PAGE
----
The phase corrections that estimator 52 derives are applied to each of the channels via respective multipliers 54(1) to 54(Nsd). The resulting phase equalised channel signals at the outputs of multipliers 54(1) to 54(Nsd) are then supplied to first inputs of respective soft bit calculators 56(1) to 56(Nsd) (illustrated in FIGS. 6 and 7 for 16 and 64 QAM constellations, respectively).

The channel frequency response estimator 52 also estimates the modulus of the signal strength in each one of the channels 1 to Nsd. Estimator 52 supplies the modulus estimate for each of channels 1 to Nsd (i.e., |Gch(i)|, where i is selectively 1 . . . Nsd) to an associated threshold calculator 58(1) to 58(Nsd) for each individual channel. Each of calculators 58(1) to 58(Nsd) calculates the real and imaginary threshold values |Gch(i)|·dI,K and |Gch(i)|·dQ,K, where i represents the channel number. Each of calculators 58(1) to 58(Nsd) scales its input from estimator 52 by the predetermined stored value or values dk to derive its associated threshold value or values.

For a square QAM constellation having 16 symbols, each of which represents four bits, as illustrated in FIGS. 3 and 4, there is only one non-trivial boundary value in the I and Q directions associated with each symbol and the non-trivial boundary values are the same. For a square QAM constellation having 64 symbols, each of which represents six bits, there are two non-trivial boundary values (d1 and d2, where d1=2d2) in the I and Q directions associated with each symbol. Because the boundary values in the I and Q directions are the same for a symbol of a square QAM constellation having 16 symbols, calculator 58(i) derives a single output having a value |Gch(i)|·d1. Because the boundary values in the I and Q directions for d1 are the same and the boundary values in the I and Q directions for d2 are the same and equal to d1/2, calculator 58(i) derives first and second outputs respectively having values of |Gch(i)·|d1 and |Gch(i)·|d2 for a symbol of square QAM constellations having 64 symbols. Calculators 58(1) to 58(Nsd) supply the threshold values to the respective soft bit calculators 56(1) to 56(Nsd).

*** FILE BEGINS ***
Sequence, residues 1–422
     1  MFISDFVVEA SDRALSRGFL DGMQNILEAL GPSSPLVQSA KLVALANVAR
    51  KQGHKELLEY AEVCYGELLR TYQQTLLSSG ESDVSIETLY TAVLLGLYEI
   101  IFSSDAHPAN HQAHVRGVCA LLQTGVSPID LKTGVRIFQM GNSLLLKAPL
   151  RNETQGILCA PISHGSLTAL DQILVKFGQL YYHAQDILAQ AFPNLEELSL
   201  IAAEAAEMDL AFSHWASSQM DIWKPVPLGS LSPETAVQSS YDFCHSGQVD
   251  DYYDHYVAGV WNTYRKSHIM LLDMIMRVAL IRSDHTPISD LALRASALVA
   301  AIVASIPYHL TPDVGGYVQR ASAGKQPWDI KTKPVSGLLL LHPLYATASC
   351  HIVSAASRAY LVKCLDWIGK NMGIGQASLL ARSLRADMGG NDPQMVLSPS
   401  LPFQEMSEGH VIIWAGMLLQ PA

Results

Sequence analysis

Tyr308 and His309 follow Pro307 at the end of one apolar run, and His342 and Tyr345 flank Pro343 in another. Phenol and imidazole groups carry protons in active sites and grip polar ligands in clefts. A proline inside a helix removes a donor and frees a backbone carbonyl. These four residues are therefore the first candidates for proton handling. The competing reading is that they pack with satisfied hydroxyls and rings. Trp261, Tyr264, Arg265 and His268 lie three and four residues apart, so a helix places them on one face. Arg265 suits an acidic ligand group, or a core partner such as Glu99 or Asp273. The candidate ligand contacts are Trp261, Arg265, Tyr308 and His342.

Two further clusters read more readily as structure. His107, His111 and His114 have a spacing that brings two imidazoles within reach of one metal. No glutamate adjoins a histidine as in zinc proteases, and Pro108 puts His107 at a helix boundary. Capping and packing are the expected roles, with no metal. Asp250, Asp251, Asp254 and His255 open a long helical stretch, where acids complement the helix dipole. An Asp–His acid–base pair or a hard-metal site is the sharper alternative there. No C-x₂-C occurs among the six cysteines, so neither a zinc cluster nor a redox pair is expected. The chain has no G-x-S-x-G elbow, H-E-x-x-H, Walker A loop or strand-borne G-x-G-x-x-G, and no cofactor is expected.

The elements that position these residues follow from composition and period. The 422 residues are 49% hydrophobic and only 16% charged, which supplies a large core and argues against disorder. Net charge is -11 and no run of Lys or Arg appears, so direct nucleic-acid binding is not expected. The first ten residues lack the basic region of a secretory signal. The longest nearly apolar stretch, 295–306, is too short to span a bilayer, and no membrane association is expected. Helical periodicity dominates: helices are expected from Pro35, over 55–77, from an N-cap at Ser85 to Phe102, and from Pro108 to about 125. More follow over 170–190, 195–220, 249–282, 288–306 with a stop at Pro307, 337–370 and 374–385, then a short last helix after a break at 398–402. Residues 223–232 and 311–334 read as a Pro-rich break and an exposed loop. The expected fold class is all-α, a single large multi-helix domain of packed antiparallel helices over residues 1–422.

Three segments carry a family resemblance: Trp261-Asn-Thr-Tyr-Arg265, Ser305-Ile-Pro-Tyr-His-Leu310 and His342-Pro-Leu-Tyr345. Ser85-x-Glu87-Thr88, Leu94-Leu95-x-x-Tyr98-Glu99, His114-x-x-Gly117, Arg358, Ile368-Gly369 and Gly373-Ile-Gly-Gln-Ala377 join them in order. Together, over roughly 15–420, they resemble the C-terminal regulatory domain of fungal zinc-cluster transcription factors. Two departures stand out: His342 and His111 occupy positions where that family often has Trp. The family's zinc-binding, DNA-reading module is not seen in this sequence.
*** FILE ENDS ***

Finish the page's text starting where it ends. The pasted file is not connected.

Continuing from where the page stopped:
Each of soft bit calculators 56(1) to 56(Nsd) derives the 2 m bit values respectively associated with each of the symbols 1 to Nsd that block 50 derives. For the 16 QAM constellation, wherein m=2, as discussed and illustrated in connection with FIG. 3, each of calculators 56(1) to 56(Nsd) derives 4 bits. For the 64 QAM constellation, wherein m=3, each of calculators 56(1) to 56(Nsd) derives 6 bits. Calculators 56(1) to 56(Nsd) supply the bits they derive to parallel to serial converter (P/S) 60 that derives a serial bit sequence for driving the input of bit de-interleaver 28.

The specific circuitry or computer processes included in each of the soft bit calculators 56(1) to 56(Nsd) is shown in FIG. 6 for a 16 QAM constellation, and in FIG. 7 for a 64 QAM constellation.

For the 16 QAM constellation arrangement shown in FIG. 6 for soft bit calculation 56(i) (where i=1 . . . Nsd), the phase equalised signal at the output of multiplier 54(i) is received at an input 70 and supplied to a first analyser 72 which calculates the real component (